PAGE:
October 7, 2020
A Road to Economic Recovery: How to Transform your City [...]
Many towns and cities in Maine are buying back their streetlights from the state’s two major Investor-Owned Utilities (IOU) Central Maine Power and Emera, to reduce costs and gain control over the way their communities are lit. RealTerm Energy is proud to have been selected to assist with this process and to provide a complete LED streetlight conversion by 22 such communities to date.
The Main State Legislature passed a bill in 2013, Lowering Costs to Municipalities & Reducing Energy Consumption through Competition in the Municipal Street Light Market, that allowed local municipalities the option of controlling and managing their streetlights. The bill granted the Maine Public Utilities Commission (PUC) the authority to determine the final rules on how the process would work. The new law gives municipalities three options: do nothing and continue to lease the lights from the utility companies, purchase the lights and have the utility companies continue maintenance, or take over both the control and maintenance of lights. The bill also states how a municipality may be charged for the utility infrastructure services provided, how the location of street and area lighting will be provided, and the methods for determining the electricity delivery charges.
Switching over to locally controlled lights saves energy, creates options for proper fixture selection and design, and offers greater flexibility regarding placement and removal. First out of the gates were the communities of Biddeford, Falmouth, Rockland and South Portland. In fact, Falmouth Town Manager, Nathan Poore, has been involved in helping push forward the legislation and the PUC process since 2002! RealTerm was excited to be named the winner of the Biddeford group RFP in 2016 and has been working with this pioneering group since then. Falmouth has published all of the details of the RFP selection process on their website, which has resulted in an informal procurement piggy-back structure making it easier for other municipalities to engage with RTE without having to launch their own formal RFP. Lastly, the Biddeford group’s commercial terms was RTE’s first foray into an Open Book Cost Plus contractual structure. RTE has since replicated and modified this transparent pricing structure to facilitate direct procurement opportunities with other municipalities outside of Maine.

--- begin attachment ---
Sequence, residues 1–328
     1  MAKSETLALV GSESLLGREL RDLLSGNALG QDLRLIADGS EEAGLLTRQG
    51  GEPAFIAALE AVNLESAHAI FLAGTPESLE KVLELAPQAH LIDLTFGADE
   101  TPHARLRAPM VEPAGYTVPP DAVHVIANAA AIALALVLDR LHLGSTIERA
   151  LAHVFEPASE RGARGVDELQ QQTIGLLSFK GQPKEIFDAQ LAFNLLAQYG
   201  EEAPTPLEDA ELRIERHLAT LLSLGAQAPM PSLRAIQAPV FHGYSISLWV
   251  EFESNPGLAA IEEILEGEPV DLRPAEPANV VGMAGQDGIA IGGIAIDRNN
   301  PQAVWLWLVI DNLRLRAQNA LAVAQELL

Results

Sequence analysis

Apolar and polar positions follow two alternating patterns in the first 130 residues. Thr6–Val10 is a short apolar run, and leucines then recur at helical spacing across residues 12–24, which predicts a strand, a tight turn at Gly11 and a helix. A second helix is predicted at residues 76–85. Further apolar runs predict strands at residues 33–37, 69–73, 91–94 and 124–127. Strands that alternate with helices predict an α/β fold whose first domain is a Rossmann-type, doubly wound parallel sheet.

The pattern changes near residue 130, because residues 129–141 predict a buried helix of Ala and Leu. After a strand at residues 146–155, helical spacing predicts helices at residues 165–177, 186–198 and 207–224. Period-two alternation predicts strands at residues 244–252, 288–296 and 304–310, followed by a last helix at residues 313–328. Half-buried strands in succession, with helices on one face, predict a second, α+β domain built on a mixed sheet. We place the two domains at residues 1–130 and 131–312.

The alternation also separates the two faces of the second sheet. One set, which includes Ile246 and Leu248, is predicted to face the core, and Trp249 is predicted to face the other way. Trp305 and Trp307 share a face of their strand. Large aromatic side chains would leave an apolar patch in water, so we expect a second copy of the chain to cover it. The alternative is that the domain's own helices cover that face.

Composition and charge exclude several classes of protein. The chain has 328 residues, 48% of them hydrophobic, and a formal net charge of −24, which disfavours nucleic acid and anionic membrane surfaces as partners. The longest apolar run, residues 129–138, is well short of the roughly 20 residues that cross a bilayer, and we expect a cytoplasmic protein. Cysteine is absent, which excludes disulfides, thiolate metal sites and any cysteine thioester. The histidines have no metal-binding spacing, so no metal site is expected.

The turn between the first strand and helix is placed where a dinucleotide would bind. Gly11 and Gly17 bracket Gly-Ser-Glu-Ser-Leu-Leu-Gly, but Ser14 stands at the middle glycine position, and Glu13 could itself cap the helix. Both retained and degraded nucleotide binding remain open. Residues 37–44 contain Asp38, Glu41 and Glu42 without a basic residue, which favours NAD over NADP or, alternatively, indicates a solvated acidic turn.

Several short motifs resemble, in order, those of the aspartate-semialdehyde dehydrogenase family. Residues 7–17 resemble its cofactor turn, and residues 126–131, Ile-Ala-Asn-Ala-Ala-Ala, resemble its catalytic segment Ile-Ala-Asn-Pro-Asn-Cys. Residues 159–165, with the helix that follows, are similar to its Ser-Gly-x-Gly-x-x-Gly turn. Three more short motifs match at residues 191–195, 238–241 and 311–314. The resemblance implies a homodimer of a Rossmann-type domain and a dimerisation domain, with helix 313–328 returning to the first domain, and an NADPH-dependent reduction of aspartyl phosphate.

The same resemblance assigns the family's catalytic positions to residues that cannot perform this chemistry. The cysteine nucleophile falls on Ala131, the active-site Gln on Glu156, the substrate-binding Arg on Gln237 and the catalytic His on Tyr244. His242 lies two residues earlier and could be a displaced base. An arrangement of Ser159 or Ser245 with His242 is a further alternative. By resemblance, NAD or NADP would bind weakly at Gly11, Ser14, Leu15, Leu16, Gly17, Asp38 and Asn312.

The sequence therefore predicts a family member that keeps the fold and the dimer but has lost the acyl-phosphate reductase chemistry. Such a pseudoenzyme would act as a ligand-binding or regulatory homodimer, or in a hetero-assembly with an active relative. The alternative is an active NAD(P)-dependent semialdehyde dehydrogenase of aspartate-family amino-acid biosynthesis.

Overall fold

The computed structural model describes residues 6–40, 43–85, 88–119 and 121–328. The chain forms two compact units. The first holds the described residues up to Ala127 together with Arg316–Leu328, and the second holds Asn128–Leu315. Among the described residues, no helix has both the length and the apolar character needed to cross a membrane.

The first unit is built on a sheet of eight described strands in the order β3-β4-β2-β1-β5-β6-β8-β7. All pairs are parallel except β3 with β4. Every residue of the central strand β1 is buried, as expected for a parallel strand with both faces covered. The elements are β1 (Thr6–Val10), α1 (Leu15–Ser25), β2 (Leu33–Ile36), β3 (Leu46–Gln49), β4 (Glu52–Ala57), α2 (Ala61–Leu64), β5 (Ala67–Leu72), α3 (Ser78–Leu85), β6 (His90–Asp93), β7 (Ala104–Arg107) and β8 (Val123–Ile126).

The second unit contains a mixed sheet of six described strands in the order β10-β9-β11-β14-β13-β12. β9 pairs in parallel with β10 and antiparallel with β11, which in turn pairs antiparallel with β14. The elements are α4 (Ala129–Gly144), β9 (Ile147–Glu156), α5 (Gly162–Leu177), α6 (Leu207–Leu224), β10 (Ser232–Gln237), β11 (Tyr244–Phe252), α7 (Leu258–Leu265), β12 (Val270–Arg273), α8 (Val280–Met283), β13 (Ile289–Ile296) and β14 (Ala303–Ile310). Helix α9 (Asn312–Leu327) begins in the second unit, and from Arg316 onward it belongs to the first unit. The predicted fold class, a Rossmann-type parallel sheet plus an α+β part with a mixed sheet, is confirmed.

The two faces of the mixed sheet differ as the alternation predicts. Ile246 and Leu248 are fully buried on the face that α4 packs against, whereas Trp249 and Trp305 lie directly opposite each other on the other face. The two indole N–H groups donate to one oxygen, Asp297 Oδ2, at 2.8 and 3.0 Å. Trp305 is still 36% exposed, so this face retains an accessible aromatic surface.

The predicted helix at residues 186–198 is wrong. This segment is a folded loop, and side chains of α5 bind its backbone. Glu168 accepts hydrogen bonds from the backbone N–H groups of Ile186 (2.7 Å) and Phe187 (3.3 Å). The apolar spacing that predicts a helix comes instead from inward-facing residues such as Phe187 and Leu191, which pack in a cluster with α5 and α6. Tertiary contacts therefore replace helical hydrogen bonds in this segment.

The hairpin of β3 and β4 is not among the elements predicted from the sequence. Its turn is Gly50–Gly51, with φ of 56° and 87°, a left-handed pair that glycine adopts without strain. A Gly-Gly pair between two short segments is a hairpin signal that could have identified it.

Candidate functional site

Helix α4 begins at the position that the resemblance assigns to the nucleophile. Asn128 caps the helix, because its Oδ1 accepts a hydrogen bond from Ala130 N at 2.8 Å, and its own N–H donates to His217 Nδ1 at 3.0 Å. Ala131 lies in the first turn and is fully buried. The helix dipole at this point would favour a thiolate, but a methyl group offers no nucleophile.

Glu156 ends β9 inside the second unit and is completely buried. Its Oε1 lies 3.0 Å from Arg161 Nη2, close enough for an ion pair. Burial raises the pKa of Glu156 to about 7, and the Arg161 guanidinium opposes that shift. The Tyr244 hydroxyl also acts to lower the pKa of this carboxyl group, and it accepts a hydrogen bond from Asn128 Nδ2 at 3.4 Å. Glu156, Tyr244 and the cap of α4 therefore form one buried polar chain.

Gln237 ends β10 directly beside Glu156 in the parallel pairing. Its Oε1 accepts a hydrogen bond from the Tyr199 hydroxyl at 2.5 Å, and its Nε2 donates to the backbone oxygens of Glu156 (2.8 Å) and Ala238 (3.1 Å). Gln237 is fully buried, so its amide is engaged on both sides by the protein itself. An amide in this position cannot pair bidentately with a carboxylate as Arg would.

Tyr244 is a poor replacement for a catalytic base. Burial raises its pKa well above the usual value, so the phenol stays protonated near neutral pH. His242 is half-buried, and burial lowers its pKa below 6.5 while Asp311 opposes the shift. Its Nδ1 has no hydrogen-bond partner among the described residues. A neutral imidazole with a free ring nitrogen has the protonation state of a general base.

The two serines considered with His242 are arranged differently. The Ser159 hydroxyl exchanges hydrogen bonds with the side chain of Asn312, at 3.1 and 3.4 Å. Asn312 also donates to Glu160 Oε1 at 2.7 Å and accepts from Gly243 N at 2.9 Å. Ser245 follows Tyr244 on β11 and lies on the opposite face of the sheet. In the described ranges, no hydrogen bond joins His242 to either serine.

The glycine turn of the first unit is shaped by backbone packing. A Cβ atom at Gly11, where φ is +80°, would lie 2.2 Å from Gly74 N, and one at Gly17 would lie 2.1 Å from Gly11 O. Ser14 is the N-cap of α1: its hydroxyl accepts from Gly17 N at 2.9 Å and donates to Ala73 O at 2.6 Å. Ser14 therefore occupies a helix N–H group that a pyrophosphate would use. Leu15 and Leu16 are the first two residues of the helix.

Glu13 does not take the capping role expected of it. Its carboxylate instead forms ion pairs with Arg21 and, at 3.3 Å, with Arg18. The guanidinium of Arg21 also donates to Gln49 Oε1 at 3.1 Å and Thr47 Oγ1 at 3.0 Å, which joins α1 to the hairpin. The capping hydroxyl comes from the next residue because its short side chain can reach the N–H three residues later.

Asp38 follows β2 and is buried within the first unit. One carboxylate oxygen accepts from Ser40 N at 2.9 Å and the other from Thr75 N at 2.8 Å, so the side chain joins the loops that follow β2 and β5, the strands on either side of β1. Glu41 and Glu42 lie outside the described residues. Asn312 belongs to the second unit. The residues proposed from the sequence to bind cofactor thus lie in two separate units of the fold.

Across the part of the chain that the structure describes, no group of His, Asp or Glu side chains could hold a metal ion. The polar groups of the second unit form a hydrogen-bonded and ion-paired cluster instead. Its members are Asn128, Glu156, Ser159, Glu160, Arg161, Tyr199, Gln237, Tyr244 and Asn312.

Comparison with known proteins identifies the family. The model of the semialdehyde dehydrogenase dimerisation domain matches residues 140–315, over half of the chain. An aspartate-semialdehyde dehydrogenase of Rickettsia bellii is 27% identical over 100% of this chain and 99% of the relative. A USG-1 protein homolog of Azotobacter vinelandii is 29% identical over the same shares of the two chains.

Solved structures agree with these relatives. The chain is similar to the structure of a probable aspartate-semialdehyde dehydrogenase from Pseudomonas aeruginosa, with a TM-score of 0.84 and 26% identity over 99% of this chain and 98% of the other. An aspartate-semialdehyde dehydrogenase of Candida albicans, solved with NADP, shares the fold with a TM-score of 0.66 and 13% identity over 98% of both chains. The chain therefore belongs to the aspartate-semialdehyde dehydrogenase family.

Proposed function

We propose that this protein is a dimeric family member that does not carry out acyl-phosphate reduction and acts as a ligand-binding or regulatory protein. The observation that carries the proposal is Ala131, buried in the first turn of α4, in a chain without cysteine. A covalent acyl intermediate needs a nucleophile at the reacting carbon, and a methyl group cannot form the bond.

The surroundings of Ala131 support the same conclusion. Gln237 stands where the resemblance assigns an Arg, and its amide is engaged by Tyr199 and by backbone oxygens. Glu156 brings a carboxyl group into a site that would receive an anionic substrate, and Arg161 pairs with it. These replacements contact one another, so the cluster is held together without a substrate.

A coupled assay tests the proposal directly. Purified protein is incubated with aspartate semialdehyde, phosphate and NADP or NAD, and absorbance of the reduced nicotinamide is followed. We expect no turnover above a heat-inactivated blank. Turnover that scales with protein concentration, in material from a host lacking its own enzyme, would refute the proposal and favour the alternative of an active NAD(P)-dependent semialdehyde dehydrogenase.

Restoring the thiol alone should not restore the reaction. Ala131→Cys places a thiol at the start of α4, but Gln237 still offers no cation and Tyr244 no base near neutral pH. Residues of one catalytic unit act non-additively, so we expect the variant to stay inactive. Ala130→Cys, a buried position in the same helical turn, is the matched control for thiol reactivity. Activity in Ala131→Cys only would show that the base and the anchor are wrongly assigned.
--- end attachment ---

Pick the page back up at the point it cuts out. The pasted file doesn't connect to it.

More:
As a first mover in this market, RTE has had the opportunity to shape the way municipalities will be interfacing with the states/primary utilities, CMP and Emera during the conversion process. RTE’s first mover status has also made it easier to secure a leading position in this small but lucrative market.
RealTerm’s innovative Investment Grade Audit (IGA) process has proven invaluable to both the municipalities and the utilities navigating this process. The IGA includes extensive field investigations, infrastructure analysis, comprehensive lighting designs, and detailed engineering calculations to project accurate and reliable energy and maintenance savings. The results help clarify who owns what, and what the costs of ownership transfer will be, and the exact scope of the conversion to LED.
Since the Biddeford RFP was released, many other communities have followed suit as they want to benefit from cost reductions, improved lighting, and more local autonomy. Like RealTerm, these communities are committed to excellent lighting design and to maximizing the lifecycle value of their assets. We are extremely pleased to have been selected by the communities of: Biddeford, Falmouth, South Portland, Rockland, Wells, York, Dover-Foxcroft, Mt. Desert, Caribou, Houlton, Madawaska, Fort Kent, Fort Fairfield, Frenchville, Washburn, Limestone, Mars Hill, Island Falls, Grans Isle, Presque Isle, Agatha, Mapleton.
Contact Paul Vesel at email@example.com or (413) 695-0045 for more information.
October 7, 2020
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